UAE: Mountainous Hatta

Hatta is a small Dubai enclave often visited on one or more day trips from Dubai. It’s main attraction is cooler and drier climate, especially during the summer months. The road to Hatta leads through a picturesque desert with red sand and dunes with Hajar mountains rising high just few kilometers from Omani borders. The tallest peak is a 1311 m Jebel Hatta.

The area was inhabited some 3000 years ago, but was a subject to border disputes between Oman and the UAE until 2008. The city itself is relatively small. Among sights worth seeing is a small park with a waterfall, two dams, 200-years old mosque, hotel Hatta Fort, arms museum in a fort built in 1896 and a heritage village with a historical fort, traditional barasti huts and exposition of armoury, clothes and local arts.

We have checked the Hatta dam built in 1989 and Hatta rock pools. Hatta Fort hotel asked for 50 dirhams per person entry fee, so we turned at the gate. Apparently behind the gates, there is a green relaxing oasis with several swimming pools, bars, restaurants, a golf club, tennis courts and archery area.

Hatta area is very popular also for “off-road” tourism. The adventurers take their four-wheel drives for a spin. One of the popular off-road tracks is the Hatta Rock Pools. To get there, the terrain goes steeply downhill and crosses a falaj system (a water canal). The guidebooks often state that the rad there is well signed, but don’t believe it. There is no GPS or mobile network signal in the mountains so take a compass and a terrain map with you. We looked for the off road turn for almost an hour, but in the meantime we have discovered a lot of nice places while driving off road.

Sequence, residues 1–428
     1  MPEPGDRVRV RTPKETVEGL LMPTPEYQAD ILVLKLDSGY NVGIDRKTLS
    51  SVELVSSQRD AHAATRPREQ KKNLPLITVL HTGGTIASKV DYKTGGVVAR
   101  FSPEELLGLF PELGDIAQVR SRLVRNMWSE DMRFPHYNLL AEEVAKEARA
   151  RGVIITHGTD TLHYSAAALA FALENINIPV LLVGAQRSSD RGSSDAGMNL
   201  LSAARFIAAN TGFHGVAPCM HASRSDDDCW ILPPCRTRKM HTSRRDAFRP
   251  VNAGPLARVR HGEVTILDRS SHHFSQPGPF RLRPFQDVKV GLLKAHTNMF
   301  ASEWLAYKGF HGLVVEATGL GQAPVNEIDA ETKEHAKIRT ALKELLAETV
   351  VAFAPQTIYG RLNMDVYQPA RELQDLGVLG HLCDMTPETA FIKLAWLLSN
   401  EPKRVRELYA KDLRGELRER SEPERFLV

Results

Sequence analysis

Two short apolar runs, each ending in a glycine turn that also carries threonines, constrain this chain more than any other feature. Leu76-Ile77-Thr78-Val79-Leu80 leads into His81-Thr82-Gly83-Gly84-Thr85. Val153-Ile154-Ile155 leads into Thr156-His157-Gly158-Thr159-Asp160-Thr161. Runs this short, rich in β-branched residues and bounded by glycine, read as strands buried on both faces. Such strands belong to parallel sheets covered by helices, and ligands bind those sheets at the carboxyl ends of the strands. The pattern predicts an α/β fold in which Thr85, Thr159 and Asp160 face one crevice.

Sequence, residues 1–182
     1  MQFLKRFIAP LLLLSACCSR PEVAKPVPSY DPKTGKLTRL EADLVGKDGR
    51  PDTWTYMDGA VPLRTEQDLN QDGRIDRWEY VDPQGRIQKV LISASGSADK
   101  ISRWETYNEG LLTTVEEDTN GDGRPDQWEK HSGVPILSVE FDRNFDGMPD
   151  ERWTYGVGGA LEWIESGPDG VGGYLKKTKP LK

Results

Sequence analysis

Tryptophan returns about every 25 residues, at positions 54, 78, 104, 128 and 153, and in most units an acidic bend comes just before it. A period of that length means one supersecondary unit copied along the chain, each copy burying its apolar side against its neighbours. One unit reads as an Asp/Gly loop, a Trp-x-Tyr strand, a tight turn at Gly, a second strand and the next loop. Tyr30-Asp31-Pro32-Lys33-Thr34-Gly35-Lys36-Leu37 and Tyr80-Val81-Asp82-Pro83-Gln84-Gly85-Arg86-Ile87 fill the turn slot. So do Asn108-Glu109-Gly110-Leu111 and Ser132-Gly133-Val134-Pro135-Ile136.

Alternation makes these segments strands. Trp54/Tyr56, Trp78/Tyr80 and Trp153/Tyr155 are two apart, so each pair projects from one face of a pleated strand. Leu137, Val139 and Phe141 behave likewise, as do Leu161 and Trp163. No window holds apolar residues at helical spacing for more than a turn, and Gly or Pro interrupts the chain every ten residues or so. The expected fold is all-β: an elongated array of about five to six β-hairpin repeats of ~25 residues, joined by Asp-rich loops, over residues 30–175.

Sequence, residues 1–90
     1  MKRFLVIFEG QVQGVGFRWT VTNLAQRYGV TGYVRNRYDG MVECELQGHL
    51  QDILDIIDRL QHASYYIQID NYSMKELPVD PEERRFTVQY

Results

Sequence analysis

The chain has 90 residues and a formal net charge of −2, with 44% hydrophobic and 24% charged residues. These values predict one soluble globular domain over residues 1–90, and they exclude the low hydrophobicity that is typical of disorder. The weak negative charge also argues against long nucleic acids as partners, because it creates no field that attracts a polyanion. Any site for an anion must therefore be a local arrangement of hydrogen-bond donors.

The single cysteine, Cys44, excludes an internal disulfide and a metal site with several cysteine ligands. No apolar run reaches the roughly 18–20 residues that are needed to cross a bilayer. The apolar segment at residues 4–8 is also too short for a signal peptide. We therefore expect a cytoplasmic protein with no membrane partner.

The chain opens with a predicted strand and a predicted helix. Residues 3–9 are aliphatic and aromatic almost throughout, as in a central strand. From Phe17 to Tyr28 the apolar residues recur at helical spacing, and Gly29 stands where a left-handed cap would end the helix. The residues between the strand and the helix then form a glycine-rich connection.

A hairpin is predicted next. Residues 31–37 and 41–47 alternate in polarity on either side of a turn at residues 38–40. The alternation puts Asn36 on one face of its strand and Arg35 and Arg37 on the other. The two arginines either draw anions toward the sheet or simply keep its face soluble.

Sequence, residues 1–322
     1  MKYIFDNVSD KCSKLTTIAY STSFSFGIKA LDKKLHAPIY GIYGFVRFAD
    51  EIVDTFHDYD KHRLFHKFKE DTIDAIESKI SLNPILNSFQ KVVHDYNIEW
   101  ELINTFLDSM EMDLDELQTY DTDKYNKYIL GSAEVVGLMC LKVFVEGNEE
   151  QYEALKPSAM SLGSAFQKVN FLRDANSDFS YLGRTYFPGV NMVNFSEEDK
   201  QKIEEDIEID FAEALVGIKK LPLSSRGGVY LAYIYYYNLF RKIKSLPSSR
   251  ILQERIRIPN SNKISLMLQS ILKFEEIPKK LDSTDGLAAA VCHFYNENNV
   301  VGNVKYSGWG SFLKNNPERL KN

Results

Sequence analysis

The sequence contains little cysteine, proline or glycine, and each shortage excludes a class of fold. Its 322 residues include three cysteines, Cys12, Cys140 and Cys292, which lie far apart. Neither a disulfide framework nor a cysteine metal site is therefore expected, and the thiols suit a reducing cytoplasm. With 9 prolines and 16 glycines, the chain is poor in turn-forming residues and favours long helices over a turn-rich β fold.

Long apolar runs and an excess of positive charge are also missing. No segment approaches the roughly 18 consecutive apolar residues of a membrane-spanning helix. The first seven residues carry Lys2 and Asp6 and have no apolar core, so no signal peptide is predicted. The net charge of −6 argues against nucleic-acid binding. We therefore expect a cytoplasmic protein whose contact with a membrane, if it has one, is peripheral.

Hatta Rock Pools are a series of natural water pools at the bottom of gorges and canyons in Wadi Hatta. Wadis are usually hard rock valleys with drier and cooler climate. However, tourist guides warn that wadis can get dangerous and the valleys tend to get flooded quickly when it rains. Aside from floods, the guidebooks warn of litter and graffitis, which turned out to be true. Yet, we did not verify the statements about floodings. After a few initial drops we packed our lunch, got into the car and hurried back onto the tarmac road.


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